PINSENT’S ARM, N.L. – Harrison Campbell of Pinsent’s Arm is one of five people recently honoured by the provincial government with a Seniors of Distinction Award.
Harrison was humble about the recognition.
“I’m not a very good speaker,” the 68-year-old said, “but I try to help whoever I can. I just love doing that.”
In Harrison’s case, actions really do speak louder than words.
A quick read through information provided in a press release about the award confirms why he is so deserving of the recognition.
Harrison has been a fisherman for over half-a century, catching different species, including crab, whelk, herring and cod.
“Whatever there was to catch we caught,” he said.
Harrison and his wife Sandra have two sons (Garrison and Gavin), a daughter (Genessa) and four grandchildren (Lincoln, Teegan, Carter and Gracie).
Harrison has passed his traditional skills and knowledge on to many others including his sons (both are fishermen) and his 11-year-old grandson Lincoln.
Harrison is a senior member of the NunatuKavut Governing Council which represents Inuit who reside primarily in southern and central Labrador.
As a council elder, he catches, tags and cleans salmon and cod for seniors who cannot get out and catch their own fish.
“Saturday, I had 56,” he said of the salmon he caught on July 14.
Harrison has spent over 45 years volunteering. His efforts have benefitted the East Shore Development Association, Labrador Development Association, Fishermen’s Committee, Canadian Rangers, and Local Service District for which he has been the chair for the past 20 years.
He continues to volunteer his time helping fishermen by working on the Small Crafts Harbour Authority and he has been the director on the Labrador Fishermen's Union Shrimp Company for the past 30 years.
Harrison is also a past recipient of the Queen’s Diamond Jubilee Medal, the Queen’s Golden Jubilee Medal and the Labradorians of Distinction Medal.
While it makes him feel good to be recognized with the Seniors of Distinction Award, Harrison said he’s always had great help from other volunteers when serving on committees and in other volunteer capacities.
About the award
The provincial government first presented the Seniors of Distinction Awards in 2009 to identify and celebrate the contributions, achievements and diversity of older people throughout Newfoundland and Labrador.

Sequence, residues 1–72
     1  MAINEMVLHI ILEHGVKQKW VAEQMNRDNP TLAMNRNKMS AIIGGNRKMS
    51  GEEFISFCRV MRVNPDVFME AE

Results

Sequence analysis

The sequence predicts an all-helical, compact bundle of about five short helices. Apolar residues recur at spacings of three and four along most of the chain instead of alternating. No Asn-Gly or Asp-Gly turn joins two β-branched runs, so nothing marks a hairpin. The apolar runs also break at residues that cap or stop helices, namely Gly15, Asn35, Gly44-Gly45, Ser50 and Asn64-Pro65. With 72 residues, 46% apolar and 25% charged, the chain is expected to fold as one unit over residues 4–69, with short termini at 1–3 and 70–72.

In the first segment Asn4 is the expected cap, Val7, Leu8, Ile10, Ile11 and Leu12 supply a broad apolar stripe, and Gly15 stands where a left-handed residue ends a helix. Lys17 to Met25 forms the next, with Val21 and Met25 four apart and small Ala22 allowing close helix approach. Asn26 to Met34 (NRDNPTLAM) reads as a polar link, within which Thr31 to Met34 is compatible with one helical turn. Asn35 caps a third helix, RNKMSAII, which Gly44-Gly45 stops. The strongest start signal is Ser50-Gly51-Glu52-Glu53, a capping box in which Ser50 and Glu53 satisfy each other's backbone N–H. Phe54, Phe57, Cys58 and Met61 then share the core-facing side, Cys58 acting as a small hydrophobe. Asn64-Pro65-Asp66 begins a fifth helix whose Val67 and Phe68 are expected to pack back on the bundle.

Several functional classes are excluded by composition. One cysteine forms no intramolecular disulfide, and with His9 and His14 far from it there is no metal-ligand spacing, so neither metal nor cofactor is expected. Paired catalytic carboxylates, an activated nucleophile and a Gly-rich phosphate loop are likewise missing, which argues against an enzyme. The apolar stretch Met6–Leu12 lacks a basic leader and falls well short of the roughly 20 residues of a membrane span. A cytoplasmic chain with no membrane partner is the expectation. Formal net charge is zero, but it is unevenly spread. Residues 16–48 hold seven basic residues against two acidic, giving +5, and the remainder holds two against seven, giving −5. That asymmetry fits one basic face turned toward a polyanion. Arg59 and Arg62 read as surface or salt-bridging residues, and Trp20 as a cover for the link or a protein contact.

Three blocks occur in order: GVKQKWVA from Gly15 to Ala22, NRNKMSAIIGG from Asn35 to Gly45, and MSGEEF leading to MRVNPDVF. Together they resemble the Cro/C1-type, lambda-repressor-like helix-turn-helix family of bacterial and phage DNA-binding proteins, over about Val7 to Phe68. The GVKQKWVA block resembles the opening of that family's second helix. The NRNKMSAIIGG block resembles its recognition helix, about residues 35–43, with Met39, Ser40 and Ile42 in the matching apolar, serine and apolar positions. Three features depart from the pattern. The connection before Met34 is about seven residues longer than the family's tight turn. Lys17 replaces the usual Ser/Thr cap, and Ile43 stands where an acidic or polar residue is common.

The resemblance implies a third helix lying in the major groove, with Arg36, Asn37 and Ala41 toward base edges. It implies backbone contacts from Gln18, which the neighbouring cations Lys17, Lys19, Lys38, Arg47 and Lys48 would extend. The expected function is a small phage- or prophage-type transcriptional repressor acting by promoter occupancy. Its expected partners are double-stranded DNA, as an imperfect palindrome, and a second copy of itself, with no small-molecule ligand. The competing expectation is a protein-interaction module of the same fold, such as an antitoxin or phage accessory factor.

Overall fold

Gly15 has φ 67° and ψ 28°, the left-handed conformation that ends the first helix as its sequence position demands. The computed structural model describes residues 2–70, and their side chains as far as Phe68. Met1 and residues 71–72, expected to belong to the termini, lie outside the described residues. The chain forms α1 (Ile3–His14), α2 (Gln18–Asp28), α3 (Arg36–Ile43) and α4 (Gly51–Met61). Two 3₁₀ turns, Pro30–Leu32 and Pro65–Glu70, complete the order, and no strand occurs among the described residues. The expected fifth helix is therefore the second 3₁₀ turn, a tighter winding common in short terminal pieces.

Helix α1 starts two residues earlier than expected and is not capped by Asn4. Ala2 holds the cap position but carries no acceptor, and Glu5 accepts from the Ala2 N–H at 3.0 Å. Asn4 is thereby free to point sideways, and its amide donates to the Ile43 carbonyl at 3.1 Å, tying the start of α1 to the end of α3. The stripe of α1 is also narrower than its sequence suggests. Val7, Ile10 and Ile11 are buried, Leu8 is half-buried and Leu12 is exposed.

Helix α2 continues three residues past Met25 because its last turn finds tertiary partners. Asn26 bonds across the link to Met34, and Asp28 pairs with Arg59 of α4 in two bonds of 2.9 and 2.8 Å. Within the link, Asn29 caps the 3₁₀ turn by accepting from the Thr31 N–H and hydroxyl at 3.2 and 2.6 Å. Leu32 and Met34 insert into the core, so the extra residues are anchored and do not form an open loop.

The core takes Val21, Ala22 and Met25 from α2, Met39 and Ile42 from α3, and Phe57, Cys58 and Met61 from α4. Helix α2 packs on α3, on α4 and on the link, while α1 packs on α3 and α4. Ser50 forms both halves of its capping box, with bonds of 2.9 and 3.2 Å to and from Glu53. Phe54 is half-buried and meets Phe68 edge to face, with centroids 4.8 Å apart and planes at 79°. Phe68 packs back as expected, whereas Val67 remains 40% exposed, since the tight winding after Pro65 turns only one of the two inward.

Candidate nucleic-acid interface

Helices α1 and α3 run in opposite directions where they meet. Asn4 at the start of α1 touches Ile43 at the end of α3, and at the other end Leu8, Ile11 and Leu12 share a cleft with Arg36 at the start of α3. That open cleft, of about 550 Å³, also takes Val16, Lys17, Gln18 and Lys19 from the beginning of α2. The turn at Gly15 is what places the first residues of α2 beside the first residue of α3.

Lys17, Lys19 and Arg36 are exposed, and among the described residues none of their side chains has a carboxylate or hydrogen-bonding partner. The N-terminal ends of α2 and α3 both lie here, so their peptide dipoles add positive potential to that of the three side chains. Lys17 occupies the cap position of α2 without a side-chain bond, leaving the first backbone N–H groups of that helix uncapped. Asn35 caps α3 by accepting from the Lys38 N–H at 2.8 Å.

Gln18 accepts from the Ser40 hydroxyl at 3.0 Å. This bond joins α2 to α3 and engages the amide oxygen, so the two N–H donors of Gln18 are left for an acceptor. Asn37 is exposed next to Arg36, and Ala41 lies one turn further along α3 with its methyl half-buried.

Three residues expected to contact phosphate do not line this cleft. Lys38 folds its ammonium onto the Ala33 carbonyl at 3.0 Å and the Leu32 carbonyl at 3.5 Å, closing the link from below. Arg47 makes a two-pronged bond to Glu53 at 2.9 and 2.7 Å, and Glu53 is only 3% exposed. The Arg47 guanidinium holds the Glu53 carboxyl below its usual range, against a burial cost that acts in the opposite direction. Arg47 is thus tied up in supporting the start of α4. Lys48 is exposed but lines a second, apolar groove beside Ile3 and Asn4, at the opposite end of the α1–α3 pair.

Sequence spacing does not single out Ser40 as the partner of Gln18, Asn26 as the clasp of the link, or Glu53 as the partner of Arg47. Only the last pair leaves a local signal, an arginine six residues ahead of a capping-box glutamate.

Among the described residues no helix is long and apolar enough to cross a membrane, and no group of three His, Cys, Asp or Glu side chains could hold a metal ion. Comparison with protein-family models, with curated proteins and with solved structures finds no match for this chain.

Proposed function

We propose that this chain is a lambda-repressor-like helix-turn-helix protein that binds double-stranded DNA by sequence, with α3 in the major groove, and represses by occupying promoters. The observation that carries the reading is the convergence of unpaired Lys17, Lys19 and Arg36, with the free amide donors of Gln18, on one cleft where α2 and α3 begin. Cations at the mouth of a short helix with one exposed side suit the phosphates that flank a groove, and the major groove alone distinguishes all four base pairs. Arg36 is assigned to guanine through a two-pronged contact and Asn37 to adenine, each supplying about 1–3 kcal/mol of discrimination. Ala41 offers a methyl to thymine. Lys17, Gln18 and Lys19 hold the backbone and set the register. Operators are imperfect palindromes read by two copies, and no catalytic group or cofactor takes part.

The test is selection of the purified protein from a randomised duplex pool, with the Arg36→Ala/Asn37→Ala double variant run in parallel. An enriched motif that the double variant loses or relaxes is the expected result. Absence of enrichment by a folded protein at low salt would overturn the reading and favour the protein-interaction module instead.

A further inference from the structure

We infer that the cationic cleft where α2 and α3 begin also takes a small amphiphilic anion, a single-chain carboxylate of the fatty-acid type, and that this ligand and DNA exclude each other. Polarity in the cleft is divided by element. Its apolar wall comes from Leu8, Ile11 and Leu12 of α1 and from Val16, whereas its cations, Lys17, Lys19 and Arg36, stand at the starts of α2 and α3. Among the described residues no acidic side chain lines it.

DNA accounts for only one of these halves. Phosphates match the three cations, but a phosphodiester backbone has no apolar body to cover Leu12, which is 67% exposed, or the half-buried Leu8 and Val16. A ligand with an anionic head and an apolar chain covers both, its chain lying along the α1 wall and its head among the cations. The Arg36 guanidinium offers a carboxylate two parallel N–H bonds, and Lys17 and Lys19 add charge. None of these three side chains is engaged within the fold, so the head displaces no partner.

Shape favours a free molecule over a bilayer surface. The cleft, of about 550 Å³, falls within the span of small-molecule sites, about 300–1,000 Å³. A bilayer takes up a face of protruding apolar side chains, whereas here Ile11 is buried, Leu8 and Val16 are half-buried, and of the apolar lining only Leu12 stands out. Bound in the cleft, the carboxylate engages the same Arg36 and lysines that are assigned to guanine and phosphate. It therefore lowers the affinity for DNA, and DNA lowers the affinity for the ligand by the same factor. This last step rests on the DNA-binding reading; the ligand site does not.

In a news release on June 29, Children, Seniors and Social Development Minister Lisa Dempster said the recipients are all deserving individuals who exemplify the community spirit, dedication, good work and altruistic living that the awards are meant to celebrate.
“Our Seniors of Distinction have helped shape, and continue to shape, our province and the lives of everyone around them,” she said.
Harrison’s daughter Genessa Campbell is a teacher at Viking Trail Academy in Plum Point.
She recalled how, as a child, her father would fish six days a week, leaving Sunday as a family day.
“We’d go in the boat for boil-ups or go berry picking,” she recalled.
Pinsent's Arm relies on many services at Charlottetown, such as schooling and medical services.
Genessa said her father would take her by boat to William Gillett Academy in Charlottetown so she could go to high school.
“Dad would bring me in on Sunday, I’d stay in there for the week and he would come back and get me on Friday,” she said.
Genessa said her father’s initiative catching salmon for the NunatuKavut elder community freezer takes more effort that just catching the fish.
Her dad spends many hours cleaning the salmon as well, she said.
“We were till after 10 (pm) one night. Dad was cleaning them and I was helping him put them away,” she said.
Her father is a kind-hearted, supportive man, Genessa said.
“Dad is always willing to help our family, friends and strangers,” she said.
Other award recipients are Catherine M. Williams Kleinwort of Spaniard’s Bay, Zita Muise of South Branch, and Capt. Joseph Prim and Yamuna Kutty, both of St. John’s.